Well, the pontoons did arrive and as they floated up, they were not what I was imagining. The ten-person pontoon was high-quality: leather cushioned seats, cup holders, and even functional doors that could close and stay closed! The one that I inevitably would be riding on, however, was crusty, small, full of spiders, and with doors that did not close.

We argued for a bit about who would be riding on each boat and finally arrived at this conclusion: The four parents, my grandpa, aunt, and my oldest sibling and her husband would ride on the ten-person boat, and on the smaller boat would be me, three of my older siblings, three of my older cousins, and my two brothers’ respective girlfriends.

It was now 1:30 and everyone was on a boat. Pushing off from the dock, I thought about how relaxing this boat ride would be. So, we pushed off from the dock and started out towards the lagoon. The only thing that my mind could focus on was the splashing of the waves against the shore and the soft breeze brushing against my face.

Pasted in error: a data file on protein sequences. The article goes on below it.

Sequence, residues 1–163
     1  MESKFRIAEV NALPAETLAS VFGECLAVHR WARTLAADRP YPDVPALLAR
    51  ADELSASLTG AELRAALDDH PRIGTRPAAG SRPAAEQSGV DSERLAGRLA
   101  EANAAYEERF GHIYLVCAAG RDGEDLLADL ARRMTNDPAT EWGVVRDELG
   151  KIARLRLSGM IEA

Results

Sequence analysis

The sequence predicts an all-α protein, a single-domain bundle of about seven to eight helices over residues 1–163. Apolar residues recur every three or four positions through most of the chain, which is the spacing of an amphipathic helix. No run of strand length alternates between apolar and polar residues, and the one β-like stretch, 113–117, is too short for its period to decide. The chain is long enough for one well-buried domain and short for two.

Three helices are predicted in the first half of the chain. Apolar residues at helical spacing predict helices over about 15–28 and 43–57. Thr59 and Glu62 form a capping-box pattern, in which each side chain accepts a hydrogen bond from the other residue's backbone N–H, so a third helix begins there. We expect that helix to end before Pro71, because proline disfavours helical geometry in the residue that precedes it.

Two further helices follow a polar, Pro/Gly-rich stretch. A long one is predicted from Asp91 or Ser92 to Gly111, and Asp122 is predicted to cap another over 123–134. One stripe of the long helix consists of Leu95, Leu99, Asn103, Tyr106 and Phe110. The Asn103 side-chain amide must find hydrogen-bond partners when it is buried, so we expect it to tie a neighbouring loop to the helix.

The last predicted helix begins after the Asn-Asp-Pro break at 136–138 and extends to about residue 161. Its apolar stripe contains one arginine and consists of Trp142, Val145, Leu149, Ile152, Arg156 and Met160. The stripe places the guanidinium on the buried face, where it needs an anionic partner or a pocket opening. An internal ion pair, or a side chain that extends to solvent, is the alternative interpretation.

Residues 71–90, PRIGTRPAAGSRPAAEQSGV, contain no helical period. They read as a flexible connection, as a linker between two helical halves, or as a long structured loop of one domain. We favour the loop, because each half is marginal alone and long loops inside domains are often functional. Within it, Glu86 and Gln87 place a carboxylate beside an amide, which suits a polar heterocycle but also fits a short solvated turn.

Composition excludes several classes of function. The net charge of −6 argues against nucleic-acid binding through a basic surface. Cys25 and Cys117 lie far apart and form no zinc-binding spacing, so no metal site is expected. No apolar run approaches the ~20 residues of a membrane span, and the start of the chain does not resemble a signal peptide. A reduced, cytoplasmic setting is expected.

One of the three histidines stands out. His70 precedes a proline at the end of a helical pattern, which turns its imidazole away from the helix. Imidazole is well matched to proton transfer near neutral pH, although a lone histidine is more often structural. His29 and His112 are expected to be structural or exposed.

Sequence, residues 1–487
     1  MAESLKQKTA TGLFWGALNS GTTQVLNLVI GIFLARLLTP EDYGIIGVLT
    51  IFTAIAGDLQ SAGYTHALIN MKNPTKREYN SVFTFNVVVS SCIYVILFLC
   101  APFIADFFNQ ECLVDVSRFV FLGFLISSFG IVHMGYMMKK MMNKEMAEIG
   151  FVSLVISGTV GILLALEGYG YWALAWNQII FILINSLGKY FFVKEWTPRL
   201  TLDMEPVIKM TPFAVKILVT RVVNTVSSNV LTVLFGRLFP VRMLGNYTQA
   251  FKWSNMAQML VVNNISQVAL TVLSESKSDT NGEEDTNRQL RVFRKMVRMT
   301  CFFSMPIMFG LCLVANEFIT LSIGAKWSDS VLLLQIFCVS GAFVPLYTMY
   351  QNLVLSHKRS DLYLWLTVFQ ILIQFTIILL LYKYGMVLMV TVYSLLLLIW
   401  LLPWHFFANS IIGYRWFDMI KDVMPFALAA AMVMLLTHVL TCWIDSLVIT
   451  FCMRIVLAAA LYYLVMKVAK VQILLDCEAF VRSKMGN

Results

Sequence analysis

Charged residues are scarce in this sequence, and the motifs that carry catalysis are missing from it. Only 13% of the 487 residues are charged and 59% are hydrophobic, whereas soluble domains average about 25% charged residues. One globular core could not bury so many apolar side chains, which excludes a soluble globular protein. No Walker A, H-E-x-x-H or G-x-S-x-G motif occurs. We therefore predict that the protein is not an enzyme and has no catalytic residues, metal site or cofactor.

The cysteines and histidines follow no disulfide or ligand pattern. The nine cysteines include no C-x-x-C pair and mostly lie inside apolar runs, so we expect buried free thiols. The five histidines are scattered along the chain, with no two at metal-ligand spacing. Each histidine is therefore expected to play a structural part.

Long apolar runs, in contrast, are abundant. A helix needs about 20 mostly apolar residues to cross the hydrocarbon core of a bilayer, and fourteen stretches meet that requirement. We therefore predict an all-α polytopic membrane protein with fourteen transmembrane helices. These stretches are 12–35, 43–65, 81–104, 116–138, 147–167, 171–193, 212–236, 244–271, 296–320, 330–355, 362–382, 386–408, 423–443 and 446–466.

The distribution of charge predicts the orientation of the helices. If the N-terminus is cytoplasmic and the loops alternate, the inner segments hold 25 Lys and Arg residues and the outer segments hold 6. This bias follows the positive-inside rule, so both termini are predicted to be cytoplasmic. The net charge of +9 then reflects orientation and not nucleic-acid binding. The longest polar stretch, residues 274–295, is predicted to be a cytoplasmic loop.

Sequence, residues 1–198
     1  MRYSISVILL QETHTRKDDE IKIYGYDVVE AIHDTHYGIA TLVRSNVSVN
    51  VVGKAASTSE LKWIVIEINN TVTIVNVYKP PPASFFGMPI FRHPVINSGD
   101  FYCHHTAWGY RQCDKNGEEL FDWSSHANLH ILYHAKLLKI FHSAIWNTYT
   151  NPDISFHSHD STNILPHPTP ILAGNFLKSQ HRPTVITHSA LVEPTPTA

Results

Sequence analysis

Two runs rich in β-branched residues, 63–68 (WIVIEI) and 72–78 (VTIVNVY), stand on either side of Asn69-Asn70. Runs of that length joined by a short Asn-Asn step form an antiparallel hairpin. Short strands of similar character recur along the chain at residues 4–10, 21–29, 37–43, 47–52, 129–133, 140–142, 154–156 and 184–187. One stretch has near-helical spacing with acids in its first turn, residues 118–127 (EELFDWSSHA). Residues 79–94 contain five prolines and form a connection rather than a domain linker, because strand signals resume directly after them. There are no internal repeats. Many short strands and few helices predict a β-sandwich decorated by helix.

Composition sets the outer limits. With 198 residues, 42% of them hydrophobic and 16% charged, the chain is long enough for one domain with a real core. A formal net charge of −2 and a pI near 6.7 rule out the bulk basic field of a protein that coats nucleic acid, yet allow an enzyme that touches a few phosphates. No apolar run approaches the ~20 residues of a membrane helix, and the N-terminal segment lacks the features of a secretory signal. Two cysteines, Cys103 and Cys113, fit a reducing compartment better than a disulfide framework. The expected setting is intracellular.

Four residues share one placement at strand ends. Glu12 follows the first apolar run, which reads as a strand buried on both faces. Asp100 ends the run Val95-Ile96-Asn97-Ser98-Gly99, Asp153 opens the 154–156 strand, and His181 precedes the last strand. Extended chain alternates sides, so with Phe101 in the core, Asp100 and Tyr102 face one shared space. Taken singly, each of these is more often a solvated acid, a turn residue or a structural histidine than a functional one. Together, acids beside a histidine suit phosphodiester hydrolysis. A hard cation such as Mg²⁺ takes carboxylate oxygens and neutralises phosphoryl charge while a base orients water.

Very quickly, however, water started to rush on our boat from the front. With every wave, more water pooled, and more people started yelling.

“Move people to the back!”

“I really hope we don’t sink…”

“Please move to the back.”

Although we were joking about sinking (It’s impossible to sink a pontoon, right???), we did have some people who were standing at the front move to the back. As soon as we did that, poof! Like magic, all the water drained out and we were in good condition.

We got to the lagoon and hung out there for a bit. I was engrossed in my book and everyone was having a good time. Whether tossing a football, playing frisbee, talking with each other in the water, or rocking to some tunes, we were enjoying ourselves.

At this point, it was about 3:30. Time, like always, forced the fun to end and we had to start making our way back to our docks on the pontoons. We all loaded back up and began the ride back.

Within three minutes of leaving my brother and cousin walked to the front of the boat. Within five minutes of leaving our boat was halfway submerged in water and close to being a full-on disaster.